Cultivation of CD thrombocytes from CD34+ progenitor cells. Megakaryocytes were cultivated from CD34+ progenitor cells (left) and differentiated into thrombocytes (right). The electron microscope images show megakaryocytes (left) shedding thrombocytes which can then be “harvested” (right). After the adenoviral infection of these cells with a GFP construct, up to 40% GFP-positive CD thrombocytes can be differentiated after several culturing steps. (Figure: UKT)

The research cooperation has continued after the successful merger of the company with the English Trigen Holding AG, and Gawaz is looking for innovative antithrombotic substances based on the thrombocytes originally produced in Munich. Traditional substances such as aspirin are only able to affect aggregation. However, Gawaz wants to inhibit the secretion of thrombocytes and modulate adhesion. He believes that actual inhibition will have considerably more effective therapeutic options.

Thrombocytes are involved in the development of atherosclerosis. For example, many diabetics suffer from this disease and "represent a high-risk population for accelerated atherosclerosis," said Gawaz. He hopes to find out how thrombocytes or progenitor cells of healthy people differ from those of diabetics. In diabetics, progenitor cells often lead to "foam cells" (early atherogenetic cells) which have a decisive effect on plaque formation. "Scavenger receptors seem to have a decisive effect on the generation of foam cells. We are currently looking at the details of this process," said Gawaz. He believes that the scavenger receptors might be potential target structures of anti-atherosclerosis drugs.

Impaired progenitor cell functions in diseases and potential therapies (Figure: Hill et al., NEJM; Urbich et al., Kidney Int.)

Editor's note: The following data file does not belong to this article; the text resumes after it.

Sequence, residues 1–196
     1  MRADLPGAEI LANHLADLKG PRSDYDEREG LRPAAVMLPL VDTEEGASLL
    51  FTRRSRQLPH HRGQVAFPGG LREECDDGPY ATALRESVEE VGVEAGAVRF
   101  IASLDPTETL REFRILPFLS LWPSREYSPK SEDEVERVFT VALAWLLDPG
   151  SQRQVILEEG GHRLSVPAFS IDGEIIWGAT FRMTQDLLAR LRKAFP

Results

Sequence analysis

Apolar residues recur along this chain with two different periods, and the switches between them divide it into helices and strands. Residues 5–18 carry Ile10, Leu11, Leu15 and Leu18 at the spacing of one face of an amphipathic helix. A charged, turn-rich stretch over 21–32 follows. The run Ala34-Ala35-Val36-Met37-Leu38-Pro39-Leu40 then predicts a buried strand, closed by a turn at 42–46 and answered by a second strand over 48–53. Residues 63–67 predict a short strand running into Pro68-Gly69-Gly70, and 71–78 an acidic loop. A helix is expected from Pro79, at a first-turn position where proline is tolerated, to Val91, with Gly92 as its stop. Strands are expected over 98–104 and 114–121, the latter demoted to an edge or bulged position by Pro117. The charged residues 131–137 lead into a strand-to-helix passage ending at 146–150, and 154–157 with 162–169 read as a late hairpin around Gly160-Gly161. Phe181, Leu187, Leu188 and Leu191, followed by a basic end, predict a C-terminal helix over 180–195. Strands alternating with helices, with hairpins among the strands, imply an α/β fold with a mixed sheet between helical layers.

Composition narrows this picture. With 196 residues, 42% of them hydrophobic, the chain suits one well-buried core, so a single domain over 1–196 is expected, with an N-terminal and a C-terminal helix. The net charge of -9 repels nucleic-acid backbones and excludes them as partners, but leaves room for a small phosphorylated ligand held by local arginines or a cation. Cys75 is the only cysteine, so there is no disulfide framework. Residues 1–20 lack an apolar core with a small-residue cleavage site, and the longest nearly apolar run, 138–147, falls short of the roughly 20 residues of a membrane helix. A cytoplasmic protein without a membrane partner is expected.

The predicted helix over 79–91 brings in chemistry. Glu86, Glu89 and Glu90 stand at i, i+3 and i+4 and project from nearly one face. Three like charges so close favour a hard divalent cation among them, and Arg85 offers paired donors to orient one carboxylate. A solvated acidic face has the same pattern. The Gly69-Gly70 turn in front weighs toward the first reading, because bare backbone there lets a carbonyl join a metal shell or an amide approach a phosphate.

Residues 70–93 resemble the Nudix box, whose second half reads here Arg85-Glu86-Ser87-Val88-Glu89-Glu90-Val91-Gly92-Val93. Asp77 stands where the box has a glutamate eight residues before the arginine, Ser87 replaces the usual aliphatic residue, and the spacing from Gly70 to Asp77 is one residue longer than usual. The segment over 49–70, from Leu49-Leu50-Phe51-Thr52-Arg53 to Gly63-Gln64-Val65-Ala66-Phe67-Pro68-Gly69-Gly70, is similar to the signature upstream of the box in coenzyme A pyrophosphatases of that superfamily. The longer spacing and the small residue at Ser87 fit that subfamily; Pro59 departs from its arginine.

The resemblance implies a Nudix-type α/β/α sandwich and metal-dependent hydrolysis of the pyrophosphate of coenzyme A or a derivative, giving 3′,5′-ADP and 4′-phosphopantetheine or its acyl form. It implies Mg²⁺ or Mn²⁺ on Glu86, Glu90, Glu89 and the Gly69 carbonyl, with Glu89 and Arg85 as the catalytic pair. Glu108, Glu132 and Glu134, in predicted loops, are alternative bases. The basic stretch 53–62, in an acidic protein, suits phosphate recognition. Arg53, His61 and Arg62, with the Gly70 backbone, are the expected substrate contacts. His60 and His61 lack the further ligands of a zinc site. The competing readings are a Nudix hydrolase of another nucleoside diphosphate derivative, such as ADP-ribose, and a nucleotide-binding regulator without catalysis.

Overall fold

Impaired progenitor cell functions in diseases and potential therapies (Figure: Hill et al., NEJM; Urbich et al., Kidney Int.)

Stem and progenitor cells represent the regenerative future

The ambitious and partially completed projects of the Tübingen scientists raise hope for an early and broad implementation of the results in clinical application. Cell therapy has promising potential: "For many patients suffering from myocardial infarctions, regenerative therapies might, within the not too distant future, become a standard therapy," said Gawaz and added: "The methods are being validated and acceptance is growing. The health insurance companies also support interventions undertaken to treat acute myocardial infarctions." Gawaz is very optimistic: "In the long term, it might be possible to treat all patients with a certain risk potential in specific therapy centres and it will at some stage most likely also be possible on an outpatient basis."

In order to further promote regenerative medicine, Gawaz is backing the efforts to support new ideas and establish network structures: "The Centre for Regenerative Medicine at the University of Tübingen offers great opportunities. We will be able to validate certain questions in own studies and offer everything from drug discovery to the development of therapies. This will help us become unbeatable and place us well ahead of the pharmaceutical industry." Gawaz hopes that risk research such as that which has been undertaken by the company ProCorde with the support of the Bavarian state and venture capital investors will be further promoted and supported in the Tübingen region.

leh - 20.10.2006
© BIOPRO Baden-Württemberg GmbH, first published at www.bio-pro.de<, the Biotech/Life Sciences Portal of the State of Baden-Württemberg. All rights reserved.

Further information:

University Hospital Tübingen
Internal Medicine III - Cardiology and Cardiovascular Diseases

Prof. Dr. Meinrad Gawaz (Medical Director)
Otfried-Müller-Straße 10
72076 Tübingen

Phone: +49 (0)7071 29-83688
Fax: +49 (0)7071 29-5749
meinrad [dot] gawaz [at] med [dot] uni-tuebingen [dot] de